We posted all our solution wireframes within a MURAL board and reviewed each one while asking clarifying questions. I sketched the following solution during our design workshop.

  6. School Leader Reporting Design Screenshot
    1: In this scenario, the school leader wants a snapshot of the most recent data, then takes any necessary action. The reporting platform would show an aggregate view of the most common academic and trends needs that day, which changes during the school year.
  7. School Leader Reporting Design Screenshot
    2: Teachers have policies and criteria they have to follow to meet state standards. School leaders need to know if teachers meet these needs and make adjustments.
  8. School Leader Reporting Design Screenshot
    3: School leaders will have to pull together a custom data report for state reporting in some cases. If one isn't already available, they will have to assemble it from scratch from different data sources. This sketch proposes functionality to enable the school leaders to search for the data they are looking for and build their own—self-service.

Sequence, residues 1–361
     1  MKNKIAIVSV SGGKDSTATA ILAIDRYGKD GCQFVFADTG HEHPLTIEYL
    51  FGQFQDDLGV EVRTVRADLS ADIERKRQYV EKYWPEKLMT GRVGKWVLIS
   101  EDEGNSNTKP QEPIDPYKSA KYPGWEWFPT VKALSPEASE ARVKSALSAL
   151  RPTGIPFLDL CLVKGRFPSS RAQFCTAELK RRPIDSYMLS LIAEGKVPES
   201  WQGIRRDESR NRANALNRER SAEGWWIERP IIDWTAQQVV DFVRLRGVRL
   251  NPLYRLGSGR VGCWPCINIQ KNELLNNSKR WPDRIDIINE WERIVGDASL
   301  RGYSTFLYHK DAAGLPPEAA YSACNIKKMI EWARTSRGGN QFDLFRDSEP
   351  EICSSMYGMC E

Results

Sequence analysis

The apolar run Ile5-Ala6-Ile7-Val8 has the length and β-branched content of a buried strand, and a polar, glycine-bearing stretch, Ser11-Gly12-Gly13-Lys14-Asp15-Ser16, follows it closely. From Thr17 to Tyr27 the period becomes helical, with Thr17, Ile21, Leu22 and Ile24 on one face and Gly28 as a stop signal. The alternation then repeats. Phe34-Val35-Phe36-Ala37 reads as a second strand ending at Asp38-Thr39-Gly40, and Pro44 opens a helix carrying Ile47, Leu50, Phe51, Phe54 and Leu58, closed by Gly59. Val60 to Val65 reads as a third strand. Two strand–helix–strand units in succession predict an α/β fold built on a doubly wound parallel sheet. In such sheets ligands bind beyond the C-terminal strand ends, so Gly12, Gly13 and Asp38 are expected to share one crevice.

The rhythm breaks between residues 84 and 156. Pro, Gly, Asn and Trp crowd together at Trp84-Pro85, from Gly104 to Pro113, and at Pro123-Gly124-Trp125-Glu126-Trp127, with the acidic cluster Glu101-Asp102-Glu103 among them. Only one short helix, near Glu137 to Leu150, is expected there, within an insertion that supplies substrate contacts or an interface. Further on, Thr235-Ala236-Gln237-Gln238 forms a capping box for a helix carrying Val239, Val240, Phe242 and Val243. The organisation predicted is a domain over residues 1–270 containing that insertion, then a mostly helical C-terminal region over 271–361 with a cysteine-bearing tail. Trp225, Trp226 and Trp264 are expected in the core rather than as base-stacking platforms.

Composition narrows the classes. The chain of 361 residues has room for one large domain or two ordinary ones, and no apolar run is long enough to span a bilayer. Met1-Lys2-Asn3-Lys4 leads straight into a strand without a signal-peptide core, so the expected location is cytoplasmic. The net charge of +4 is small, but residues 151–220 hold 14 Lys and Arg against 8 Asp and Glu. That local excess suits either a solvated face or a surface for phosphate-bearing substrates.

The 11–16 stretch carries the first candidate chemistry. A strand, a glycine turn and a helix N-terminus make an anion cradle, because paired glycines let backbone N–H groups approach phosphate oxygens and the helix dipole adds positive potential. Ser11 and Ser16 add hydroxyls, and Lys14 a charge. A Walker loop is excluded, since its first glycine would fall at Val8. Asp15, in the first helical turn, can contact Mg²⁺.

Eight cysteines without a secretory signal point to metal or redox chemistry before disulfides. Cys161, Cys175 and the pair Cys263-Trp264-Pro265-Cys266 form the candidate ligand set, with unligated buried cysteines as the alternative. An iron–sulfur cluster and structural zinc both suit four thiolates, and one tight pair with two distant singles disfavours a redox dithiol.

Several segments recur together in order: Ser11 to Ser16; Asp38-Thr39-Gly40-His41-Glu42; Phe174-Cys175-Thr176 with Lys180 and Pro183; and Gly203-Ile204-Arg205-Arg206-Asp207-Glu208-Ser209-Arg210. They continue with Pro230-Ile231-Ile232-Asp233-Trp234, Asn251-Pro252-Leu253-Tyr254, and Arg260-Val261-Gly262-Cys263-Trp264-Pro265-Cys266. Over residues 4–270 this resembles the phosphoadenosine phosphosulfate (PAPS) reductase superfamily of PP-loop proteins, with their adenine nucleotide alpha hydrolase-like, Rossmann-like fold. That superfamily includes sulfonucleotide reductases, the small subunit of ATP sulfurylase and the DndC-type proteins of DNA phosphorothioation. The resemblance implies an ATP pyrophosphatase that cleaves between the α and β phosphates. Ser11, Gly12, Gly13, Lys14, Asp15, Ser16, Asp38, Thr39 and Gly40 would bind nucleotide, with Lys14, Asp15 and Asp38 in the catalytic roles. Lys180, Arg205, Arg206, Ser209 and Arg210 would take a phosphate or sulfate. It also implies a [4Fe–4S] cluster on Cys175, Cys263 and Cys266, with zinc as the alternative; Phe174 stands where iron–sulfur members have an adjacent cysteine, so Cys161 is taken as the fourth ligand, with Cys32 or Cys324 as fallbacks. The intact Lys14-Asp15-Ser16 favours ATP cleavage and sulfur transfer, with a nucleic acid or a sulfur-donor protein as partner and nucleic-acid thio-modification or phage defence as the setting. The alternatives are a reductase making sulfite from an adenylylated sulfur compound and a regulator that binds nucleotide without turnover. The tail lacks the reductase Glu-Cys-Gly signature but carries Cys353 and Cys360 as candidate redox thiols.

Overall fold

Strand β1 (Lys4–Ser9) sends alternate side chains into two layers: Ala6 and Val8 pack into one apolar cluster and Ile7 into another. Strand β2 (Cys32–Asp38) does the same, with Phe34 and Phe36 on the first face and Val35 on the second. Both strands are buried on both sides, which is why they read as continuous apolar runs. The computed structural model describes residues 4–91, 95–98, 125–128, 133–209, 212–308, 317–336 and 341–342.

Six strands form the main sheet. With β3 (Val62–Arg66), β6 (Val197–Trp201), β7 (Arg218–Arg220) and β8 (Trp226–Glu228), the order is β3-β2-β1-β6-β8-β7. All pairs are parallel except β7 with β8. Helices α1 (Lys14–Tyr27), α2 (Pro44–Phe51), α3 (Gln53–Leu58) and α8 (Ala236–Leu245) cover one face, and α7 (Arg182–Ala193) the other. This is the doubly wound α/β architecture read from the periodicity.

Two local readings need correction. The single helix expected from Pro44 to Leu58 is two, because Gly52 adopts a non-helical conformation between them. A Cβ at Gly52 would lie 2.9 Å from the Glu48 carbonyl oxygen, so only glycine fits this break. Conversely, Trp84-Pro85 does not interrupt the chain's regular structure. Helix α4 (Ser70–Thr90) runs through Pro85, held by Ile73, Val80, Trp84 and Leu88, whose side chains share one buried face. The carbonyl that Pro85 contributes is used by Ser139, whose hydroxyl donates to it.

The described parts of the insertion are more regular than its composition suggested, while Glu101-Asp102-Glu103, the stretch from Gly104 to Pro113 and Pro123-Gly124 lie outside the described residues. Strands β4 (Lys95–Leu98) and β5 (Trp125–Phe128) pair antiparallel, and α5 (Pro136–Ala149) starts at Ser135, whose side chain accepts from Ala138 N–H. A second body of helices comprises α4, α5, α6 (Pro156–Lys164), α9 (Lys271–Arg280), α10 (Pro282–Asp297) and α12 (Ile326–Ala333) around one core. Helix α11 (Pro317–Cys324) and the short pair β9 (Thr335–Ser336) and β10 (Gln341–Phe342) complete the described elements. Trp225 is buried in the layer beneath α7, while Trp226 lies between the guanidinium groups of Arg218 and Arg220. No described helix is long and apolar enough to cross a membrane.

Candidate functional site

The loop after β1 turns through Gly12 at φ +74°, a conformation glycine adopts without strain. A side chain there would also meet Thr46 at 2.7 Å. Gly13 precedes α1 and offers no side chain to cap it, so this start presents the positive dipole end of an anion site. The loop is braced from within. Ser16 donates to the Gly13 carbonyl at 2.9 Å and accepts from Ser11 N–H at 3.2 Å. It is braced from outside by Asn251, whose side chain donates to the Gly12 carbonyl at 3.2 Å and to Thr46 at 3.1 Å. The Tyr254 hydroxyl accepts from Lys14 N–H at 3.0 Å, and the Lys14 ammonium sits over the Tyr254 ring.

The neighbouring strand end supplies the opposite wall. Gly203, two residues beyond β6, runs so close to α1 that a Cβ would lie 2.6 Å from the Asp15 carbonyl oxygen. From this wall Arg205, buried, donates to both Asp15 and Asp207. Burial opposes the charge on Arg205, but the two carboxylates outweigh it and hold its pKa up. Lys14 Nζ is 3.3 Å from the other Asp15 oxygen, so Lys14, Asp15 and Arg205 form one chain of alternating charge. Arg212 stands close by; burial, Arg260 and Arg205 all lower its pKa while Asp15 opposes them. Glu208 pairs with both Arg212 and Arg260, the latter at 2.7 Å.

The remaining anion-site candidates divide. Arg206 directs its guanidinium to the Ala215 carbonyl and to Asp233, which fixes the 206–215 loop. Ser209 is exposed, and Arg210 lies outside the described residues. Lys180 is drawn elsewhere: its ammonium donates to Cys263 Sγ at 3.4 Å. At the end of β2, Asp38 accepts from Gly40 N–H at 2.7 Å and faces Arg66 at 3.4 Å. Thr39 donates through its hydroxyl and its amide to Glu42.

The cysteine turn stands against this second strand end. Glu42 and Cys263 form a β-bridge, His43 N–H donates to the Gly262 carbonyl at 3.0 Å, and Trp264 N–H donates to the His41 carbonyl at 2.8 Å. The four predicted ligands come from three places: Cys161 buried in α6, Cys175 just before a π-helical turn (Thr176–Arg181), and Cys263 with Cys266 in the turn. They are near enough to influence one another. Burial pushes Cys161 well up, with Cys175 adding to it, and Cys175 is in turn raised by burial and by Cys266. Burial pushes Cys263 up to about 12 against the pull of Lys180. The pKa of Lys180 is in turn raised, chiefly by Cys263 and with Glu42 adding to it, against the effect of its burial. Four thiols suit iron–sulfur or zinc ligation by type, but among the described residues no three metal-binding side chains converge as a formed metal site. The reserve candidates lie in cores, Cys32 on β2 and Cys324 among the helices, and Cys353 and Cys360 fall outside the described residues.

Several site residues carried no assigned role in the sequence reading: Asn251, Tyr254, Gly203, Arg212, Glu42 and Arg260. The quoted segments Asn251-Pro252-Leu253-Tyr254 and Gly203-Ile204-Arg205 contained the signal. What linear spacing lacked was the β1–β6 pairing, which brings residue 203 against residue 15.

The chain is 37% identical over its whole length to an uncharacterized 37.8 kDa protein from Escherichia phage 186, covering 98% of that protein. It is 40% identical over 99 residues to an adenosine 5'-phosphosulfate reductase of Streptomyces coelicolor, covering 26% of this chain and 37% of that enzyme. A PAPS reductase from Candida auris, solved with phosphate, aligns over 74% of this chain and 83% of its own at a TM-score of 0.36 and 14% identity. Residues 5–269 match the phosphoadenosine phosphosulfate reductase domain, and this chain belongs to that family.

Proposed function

9. School Leader Reporting Design Screenshot
    4: School leaders are responsible for the overall academic performance of the school. Thus, allowing them to see how students are doing and which students are at risk, so they can take the appropriate action before it's too late.
  10. School Leader Reporting Design Screenshot
    5: School leaders and admins told us they have to trust the accuracy of the data. Where is it coming from, how is it calculated? They are making important decisions and taking action on this information, and it has to be accurate. This screen can drill down to a piece of data and get information on where it came from and how it was calculated.
  11. 3